Instantly once you get into this mindset (which you surely will moments after arriving) you will start pointing out parts where they could improve (if you can find any), where you are essentially giving them the information to “plus” themselves, just because they gave you their mindset.

I noticed immediately that (due to so many kids around) staff members were asking their parents to “please ‘supervise’ their kids”. When I heard this it got me thinking, that that word, “supervise” didn’t fit with everything else. That doesn’t sound like an experience for the parent, it sounds like a job. I said to my girlfriend that instead they should say “please ‘enjoy’ your kids” — which carries an entirely different psychological state. Instead of it feeling like a job, it feels like a joy. You want to “enjoy” your kid, this is for them usually after all, so why not? Telling people to “enjoy” their kids will put a smile on their face and they will happily pay more attention to them, which achieves the goal in the first place.

Getting into this state of mind will bring hundreds of things to light in every business you experience after, and undoubtably in your own.

5. Targeting

Walt Disney was a man of vision. He loved kids and loved stories, he loved creating and he loved writing. He wanted his visions to come to life and make a difference in people’s lives. He was mainly influenced by kids, and more over how he could positively influence kids and setting principles through stories that every kid could understand, and subconsciously replicate.

This was Walt Disney’s target, kids. But more in-depth, kid’s hearts and minds. He wanted to have kids imaginations come to life. To inspire them to be better through story, but to also take them on an adventure of the mind.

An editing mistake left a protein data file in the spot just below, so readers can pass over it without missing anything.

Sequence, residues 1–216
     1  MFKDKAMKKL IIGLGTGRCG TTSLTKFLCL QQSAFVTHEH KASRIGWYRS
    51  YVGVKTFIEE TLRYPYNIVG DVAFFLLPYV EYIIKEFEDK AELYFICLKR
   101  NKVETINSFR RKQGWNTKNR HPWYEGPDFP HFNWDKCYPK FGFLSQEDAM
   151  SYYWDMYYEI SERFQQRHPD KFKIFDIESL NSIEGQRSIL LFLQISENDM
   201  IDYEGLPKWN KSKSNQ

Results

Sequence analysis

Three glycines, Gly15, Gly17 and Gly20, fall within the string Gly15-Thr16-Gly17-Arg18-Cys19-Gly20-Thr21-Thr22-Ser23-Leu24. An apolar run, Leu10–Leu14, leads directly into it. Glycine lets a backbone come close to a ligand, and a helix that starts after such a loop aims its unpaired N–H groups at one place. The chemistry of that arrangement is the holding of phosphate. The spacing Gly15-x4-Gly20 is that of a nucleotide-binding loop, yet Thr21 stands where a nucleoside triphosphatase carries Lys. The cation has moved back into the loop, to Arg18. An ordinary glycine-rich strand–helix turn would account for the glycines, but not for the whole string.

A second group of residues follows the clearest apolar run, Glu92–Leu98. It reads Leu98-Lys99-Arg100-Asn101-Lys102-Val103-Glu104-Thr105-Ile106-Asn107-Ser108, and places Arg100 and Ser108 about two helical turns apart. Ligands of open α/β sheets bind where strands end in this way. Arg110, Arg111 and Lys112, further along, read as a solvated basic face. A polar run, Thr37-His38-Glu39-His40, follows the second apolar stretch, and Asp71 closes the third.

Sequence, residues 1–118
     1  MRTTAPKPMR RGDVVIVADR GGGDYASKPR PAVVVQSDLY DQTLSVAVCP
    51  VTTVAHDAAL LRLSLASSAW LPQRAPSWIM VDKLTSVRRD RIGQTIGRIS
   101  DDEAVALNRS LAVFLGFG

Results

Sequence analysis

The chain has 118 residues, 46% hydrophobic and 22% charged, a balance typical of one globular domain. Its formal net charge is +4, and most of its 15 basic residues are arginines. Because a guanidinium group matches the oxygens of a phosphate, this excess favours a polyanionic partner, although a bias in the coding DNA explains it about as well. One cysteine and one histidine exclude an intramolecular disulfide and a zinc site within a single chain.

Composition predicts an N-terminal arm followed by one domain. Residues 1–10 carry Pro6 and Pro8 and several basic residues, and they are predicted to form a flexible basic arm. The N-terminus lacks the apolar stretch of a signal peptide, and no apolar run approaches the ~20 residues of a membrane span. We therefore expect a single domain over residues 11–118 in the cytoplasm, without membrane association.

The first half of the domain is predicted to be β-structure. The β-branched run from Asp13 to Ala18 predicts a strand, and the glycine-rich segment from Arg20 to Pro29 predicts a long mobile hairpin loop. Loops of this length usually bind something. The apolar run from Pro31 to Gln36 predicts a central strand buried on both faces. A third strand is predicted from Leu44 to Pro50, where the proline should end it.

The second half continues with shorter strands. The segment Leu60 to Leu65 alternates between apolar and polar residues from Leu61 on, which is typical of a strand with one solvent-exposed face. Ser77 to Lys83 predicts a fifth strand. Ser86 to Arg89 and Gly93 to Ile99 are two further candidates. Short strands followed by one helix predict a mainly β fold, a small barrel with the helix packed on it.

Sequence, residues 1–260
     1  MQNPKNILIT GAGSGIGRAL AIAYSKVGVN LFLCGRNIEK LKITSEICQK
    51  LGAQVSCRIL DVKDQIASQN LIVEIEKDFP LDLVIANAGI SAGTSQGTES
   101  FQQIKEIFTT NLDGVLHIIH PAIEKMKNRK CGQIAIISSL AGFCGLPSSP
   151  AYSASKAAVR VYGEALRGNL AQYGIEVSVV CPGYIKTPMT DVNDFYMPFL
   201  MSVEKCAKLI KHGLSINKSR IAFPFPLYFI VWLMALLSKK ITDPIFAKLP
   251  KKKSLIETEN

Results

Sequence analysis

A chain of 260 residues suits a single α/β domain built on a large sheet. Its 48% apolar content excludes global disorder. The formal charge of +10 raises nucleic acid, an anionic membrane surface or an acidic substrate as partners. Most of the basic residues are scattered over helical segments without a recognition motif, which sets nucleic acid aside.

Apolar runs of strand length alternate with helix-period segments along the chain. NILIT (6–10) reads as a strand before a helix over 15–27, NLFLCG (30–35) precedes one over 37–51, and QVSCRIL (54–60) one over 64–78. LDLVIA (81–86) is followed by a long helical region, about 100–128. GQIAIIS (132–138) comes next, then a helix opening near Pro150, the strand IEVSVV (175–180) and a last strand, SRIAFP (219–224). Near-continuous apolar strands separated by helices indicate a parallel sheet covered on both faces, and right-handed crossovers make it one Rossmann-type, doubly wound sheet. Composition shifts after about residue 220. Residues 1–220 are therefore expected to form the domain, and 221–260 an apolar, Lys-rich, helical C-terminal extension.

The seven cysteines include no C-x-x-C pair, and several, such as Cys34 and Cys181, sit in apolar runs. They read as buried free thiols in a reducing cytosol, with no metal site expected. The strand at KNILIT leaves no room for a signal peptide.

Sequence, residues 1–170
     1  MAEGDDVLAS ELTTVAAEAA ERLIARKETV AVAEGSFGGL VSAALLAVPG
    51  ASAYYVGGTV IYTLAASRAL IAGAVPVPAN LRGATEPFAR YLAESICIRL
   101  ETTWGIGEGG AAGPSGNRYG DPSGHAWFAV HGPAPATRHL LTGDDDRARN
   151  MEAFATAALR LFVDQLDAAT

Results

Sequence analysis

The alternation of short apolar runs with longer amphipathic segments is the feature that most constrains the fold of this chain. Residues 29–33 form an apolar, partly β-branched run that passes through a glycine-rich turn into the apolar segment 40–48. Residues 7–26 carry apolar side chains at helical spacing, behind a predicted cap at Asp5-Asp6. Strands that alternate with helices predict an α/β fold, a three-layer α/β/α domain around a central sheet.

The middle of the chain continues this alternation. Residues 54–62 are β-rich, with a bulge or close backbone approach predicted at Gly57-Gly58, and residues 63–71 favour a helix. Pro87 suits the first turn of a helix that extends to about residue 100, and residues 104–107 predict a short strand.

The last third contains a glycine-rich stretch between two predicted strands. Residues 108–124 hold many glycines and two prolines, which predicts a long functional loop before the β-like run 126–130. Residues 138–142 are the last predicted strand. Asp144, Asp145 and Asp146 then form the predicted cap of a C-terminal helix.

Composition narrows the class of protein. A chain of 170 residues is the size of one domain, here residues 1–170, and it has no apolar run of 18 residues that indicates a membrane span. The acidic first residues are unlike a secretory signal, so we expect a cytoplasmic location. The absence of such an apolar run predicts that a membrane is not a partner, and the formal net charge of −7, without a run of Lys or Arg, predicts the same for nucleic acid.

This was something no one else was doing at the time. The target market was so un-competitive that he instantly became the un-disputed leader. No one had done animation in the same scope, which could live on long after he was gone.

Whether through planning or not, what Walt stumbled on was much larger than influencing kids. He influenced the hearts of adults too. He knew that adults (like himself) had a keen sense of nostalgia that could instantly relate to the work he was creating. That parents would want their kids watching the work he made, and that if parents were raising their kids with these messages, future generations would be raised with them, because that’s what their parent’s were raised with.

By appealing to the inherent nostalgia within us all, Walt Disney insured a legacy — practically an animated empire — that will continue to carry on (and has) long after he has died.

6. Batching

Batching time, money and experiences is done perfectly at Disney. You pay at the gate for pretty much everything you will need throughout the rest of the park. You pay for you pass, which will let you get fast passes & ride any ride for the entire day (which if you decide to upgrade to a season pass will count as a gift card towards that purchase).

The main time allotment is before getting into the park. Disney has the largest parking lot of any location in the USA, so once you park you get on a trolley that takes you to the front gate, you pay then the monorail (Disney’s internal train system) takes you to the actual park you’re looking to visit. Once you get off of this, you have spent all of the time that you’re going to be at an absolute standstill.